Australia’s services sector, the largest employer in the country, saw operating conditions improve modestly last month.
And there’s signs that wage pressures may be starting to build.
The performance of services indicator (PSI) released by the Ai Group on Monday rose by 0.6 points to 51.1 in November, leaving it fractionally above the 50 level that separates expansion from contraction.
The PSI, like the better known PMI reports, measures changes in activity levels across Australia’s services sector from one month to the next.
A figure above 50 indicates that activity levels are expanding while a reading below 50 says that they are contracting. The distance from 50 is indicative of the strength of the expansion or decline seen in any given month.
According to the Ai Group, three of the surveys five activity sub-indexes were above 50 points in November, indicative of improvement.
“New orders lifted 1.7 points to 54.0 points, employment expanded at a slower pace, falling 0.6 points to 52.3 points, while deliveries lifted into positive territory, rising 3.6 points to 51.8 points,” the group said.
Those improvements were offset by weakness in sales and inventory levels with the individual subindices coming in at 48.1 points and 47.0 points respectively, indicating a deterioration from a month earlier.
The Ai Group uses three-month moving averages for its activity subindices to reduced month-to-month volatility.
While a mixed performance, there was better news on the wage and inflation front — of importance when it comes to the outlook for Australian interest rates — with the measures on input prices and wages rising sharply over the month.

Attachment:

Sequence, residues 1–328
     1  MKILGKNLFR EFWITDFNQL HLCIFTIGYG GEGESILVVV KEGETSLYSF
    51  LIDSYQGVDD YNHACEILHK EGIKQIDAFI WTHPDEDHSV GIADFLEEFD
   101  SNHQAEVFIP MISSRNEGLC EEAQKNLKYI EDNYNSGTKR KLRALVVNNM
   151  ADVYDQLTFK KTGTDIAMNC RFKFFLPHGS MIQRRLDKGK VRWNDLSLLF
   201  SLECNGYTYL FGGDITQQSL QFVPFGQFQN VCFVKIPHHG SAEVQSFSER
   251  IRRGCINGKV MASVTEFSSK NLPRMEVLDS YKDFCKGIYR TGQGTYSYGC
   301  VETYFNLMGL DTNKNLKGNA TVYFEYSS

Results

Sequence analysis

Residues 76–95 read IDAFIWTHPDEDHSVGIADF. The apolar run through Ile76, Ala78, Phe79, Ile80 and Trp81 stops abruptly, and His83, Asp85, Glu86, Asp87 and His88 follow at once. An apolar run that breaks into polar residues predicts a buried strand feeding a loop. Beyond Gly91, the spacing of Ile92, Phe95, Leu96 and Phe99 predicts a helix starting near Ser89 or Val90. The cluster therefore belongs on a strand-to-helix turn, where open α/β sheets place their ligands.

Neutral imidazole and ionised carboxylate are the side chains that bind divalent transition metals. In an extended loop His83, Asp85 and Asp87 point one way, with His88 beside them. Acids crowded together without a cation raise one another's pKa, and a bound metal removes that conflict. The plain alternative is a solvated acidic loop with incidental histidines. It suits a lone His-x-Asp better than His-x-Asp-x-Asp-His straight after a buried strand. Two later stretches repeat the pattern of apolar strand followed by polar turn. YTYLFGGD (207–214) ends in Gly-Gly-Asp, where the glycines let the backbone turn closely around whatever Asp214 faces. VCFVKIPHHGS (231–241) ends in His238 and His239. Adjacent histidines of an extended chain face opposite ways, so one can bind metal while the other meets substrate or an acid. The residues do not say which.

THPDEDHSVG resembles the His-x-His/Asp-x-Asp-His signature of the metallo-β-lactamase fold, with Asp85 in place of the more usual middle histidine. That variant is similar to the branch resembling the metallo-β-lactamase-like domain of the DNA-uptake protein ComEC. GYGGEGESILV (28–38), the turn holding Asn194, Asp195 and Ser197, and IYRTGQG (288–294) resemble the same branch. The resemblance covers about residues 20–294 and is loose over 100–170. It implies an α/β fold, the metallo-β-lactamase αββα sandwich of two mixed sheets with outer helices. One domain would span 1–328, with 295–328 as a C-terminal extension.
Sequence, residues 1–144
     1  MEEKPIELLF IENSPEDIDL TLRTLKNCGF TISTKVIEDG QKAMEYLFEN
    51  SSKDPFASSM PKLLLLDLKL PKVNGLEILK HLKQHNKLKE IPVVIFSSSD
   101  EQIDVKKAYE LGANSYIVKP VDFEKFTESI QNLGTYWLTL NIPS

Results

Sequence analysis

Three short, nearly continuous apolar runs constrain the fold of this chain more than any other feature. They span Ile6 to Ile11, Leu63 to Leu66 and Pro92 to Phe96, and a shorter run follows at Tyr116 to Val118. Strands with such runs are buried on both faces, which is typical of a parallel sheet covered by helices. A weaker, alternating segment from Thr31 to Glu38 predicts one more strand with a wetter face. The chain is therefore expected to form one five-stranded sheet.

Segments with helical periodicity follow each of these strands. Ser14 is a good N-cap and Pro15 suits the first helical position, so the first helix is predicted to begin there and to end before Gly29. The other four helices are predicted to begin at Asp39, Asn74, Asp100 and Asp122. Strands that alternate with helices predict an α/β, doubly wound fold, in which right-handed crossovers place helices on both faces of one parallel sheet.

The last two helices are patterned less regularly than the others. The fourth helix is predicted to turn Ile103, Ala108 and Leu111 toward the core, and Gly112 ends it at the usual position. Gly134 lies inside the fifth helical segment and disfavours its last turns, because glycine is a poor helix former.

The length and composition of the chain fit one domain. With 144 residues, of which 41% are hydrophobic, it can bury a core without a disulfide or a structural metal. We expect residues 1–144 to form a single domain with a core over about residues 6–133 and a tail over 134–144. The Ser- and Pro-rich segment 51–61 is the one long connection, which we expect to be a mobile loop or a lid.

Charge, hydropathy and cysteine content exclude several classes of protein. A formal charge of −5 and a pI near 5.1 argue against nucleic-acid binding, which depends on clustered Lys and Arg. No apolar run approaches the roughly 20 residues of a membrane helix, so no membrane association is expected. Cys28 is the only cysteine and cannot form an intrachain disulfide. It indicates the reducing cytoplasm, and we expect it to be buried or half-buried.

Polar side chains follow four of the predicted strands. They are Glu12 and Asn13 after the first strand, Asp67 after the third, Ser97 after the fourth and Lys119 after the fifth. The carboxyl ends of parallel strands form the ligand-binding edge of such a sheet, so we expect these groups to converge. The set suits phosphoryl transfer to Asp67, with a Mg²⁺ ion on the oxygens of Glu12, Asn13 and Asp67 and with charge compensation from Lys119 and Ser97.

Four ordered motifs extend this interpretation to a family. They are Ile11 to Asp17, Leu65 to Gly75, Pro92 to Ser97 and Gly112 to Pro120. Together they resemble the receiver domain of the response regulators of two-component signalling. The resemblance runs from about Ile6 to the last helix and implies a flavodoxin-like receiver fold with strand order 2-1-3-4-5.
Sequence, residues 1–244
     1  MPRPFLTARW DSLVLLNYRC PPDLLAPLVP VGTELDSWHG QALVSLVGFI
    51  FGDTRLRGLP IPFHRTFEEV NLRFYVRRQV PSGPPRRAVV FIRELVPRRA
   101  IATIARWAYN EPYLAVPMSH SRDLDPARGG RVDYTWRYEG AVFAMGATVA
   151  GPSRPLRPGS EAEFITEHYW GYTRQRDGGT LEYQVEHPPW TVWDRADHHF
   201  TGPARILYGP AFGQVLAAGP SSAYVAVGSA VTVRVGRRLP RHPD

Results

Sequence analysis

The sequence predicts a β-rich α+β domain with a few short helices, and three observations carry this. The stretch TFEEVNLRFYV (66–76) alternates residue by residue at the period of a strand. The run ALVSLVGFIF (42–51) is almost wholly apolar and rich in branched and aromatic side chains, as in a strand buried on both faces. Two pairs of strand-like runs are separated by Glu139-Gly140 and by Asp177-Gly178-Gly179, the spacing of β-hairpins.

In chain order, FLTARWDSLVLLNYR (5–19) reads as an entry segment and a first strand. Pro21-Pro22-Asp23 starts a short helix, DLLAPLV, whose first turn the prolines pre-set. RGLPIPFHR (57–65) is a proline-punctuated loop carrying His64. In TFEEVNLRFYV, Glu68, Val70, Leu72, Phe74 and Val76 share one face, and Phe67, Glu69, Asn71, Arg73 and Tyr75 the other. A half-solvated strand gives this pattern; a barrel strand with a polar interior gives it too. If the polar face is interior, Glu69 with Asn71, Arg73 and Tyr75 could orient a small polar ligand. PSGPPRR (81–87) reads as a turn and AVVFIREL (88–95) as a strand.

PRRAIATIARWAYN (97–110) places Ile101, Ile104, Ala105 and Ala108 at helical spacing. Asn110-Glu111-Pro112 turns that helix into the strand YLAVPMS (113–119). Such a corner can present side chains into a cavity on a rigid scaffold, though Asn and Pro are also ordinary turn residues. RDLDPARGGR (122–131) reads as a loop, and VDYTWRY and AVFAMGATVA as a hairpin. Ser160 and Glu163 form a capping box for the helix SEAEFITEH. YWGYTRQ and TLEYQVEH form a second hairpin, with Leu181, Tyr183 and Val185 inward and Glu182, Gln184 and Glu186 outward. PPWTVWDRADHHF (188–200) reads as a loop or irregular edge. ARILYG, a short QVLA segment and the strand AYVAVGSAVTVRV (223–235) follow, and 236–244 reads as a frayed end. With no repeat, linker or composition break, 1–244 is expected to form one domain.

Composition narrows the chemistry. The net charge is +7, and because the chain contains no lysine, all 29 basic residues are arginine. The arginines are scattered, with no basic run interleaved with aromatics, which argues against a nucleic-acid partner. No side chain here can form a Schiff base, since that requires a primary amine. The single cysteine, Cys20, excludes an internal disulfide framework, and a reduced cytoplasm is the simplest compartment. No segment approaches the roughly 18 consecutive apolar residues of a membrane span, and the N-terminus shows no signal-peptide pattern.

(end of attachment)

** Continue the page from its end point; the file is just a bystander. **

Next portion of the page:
At 58.7, the measure on wages was particularly interesting, rising by 3.7 points to the highest level seen in over a year.
It has now risen in each of the past four months.
While just one survey, this suggests that wage disinflation may be at or nearing its end having hit a record-low in the September quarter this year, according to official statistics from the ABS.
“It suggests mounting pressure to raise wages after a period of very weak wages and prices growth earlier in 2016,” said the group.
Innes Willox, CEO if the Ai Group, called the overall result “encouraging”, although he believes that it remains “well short of a convincing rebound from its recent slump”.
“There was mixed news from different parts of this diverse sector,” he said.
“Personal and recreational services grew strongly while health and community services continued a respectable pace of expansion.
“On the other hand, hospitality services slumped again in November as did retail and transport and storage businesses.
“The patchiness across the sector remains of concern and service providers will be looking for further momentum in the pre-Christmas period to provide a strong base for a firmer lift in the early part of 2017,” he concluded.
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